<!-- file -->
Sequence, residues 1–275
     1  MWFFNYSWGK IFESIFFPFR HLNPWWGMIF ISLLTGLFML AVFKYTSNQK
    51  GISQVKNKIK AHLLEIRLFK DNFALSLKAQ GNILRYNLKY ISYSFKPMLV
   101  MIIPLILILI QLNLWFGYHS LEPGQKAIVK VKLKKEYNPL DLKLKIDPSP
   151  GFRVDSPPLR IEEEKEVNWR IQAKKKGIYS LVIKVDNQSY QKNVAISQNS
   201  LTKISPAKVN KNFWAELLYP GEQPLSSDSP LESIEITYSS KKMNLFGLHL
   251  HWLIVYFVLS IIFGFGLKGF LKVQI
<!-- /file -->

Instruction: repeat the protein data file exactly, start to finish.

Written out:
Sequence, residues 1–275
     1  MWFFNYSWGK IFESIFFPFR HLNPWWGMIF ISLLTGLFML AVFKYTSNQK
    51  GISQVKNKIK AHLLEIRLFK DNFALSLKAQ GNILRYNLKY ISYSFKPMLV
   101  MIIPLILILI QLNLWFGYHS LEPGQKAIVK VKLKKEYNPL DLKLKIDPSP
   151  GFRVDSPPLR IEEEKEVNWR IQAKKKGIYS LVIKVDNQSY QKNVAISQNS
   201  LTKISPAKVN KNFWAELLYP GEQPLSSDSP LESIEITYSS KKMNLFGLHL
   251  HWLIVYFVLS IIFGFGLKGF LKVQI